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Reflections of a Retired Insurance CIO

Wayne Umland | May 20, 2014

Glatfelter Insurance Group is one of the top 20 privately held brokerages in the country.  I had the pleasure of serving as the company’s first Chief Information Officer for over 16 years.  Today, Glatfelter is a major program manager and while an agency on paper, acts like any national primary carrier.  

Glatfelter has both retail and wholesale operations and is a well-respected major player in the program management arena.  The infrastructure has them well positioned to grow beyond the five national programs they manage today.

Let’s back up to 1997 when Glatfelter initiated a national search for a CIO. After several conversations with their search firm, and a day and a half of interviews with the senior management team and IT staff, I was offered the position. Glatfelter (GIG) was poised for the future, but they needed someone to move their technology forward. 

Two years earlier, GIG had changed its model and positioned itself to act more like a carrier than an agency. They formed an off-shore captive, assumed risk on their one major program at that time, and moved from their long-time primary carrier to a new carrier.  As part of this new model, they purchased a new AS/400 computer system along with a policy issue and rating system and a claims administration system.  They finally had a “modern” database and were ready for the future.  That was the position presented to me from which we would move forward.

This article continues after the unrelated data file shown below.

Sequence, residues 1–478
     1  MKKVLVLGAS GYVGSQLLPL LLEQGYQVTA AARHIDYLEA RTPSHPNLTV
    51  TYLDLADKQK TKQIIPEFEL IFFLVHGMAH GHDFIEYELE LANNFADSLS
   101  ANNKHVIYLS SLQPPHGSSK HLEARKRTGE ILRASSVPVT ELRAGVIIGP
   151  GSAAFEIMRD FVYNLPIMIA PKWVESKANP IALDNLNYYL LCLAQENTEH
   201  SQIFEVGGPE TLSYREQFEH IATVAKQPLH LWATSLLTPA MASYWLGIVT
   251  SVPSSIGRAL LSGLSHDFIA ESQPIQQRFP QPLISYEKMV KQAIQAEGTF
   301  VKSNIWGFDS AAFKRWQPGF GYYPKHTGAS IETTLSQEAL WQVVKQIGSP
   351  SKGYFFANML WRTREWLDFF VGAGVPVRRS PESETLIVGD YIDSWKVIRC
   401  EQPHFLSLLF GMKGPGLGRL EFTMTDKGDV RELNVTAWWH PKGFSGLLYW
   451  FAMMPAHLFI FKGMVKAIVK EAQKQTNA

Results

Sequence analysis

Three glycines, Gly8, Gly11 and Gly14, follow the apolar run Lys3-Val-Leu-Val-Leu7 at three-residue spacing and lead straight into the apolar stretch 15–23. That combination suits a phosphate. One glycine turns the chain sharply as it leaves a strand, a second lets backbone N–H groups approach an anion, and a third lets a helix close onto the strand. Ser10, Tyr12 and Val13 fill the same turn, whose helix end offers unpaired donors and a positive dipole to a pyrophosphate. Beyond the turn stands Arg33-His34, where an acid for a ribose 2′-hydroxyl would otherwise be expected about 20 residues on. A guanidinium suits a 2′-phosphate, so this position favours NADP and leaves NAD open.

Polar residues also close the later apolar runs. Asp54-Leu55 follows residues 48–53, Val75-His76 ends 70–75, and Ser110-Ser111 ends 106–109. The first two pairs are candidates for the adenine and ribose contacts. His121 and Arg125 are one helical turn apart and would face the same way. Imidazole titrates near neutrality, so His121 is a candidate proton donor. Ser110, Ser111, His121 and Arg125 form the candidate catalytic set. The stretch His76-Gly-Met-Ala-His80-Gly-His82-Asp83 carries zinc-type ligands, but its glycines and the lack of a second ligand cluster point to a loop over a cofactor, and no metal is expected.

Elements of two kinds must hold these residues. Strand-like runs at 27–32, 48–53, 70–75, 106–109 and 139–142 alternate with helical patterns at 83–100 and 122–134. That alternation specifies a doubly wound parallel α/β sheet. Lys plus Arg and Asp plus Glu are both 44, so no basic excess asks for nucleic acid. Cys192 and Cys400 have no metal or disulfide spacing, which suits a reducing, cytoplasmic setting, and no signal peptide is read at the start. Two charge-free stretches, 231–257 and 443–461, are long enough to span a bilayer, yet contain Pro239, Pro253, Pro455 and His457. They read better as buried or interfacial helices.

When I walked in the door, the reality was a bit different. On my first day, our marketing executive vice president dropped a purchase order for a CRM system on my desk. There wasn’t one, but “we needed it.”   As the first few weeks and months unfolded, I realized that our new policy issue and rating system wasn’t completely implemented and was unable to systematically process endorsements; there was a backlog being tracked on a white board. 

The claims system was serving as our administration system of record because the policy database was proprietary and “closed” and we couldn’t get information out of it. Our month-end process was handled by our claims system and took days to run.  The time for the monthly close was growing each month because all transactions were simply appended to the system.  Oh, and by the way, that new AS/400 system was purchased without the capability to expand and we were running out of capacity—fast.

So, the reality of the situation was quite a bit different.  We had lots of issues and desperately needed strategic technology direction.  There was a clear lack of annual planning for technology and several new systems were needed that required additional staff and lots of money.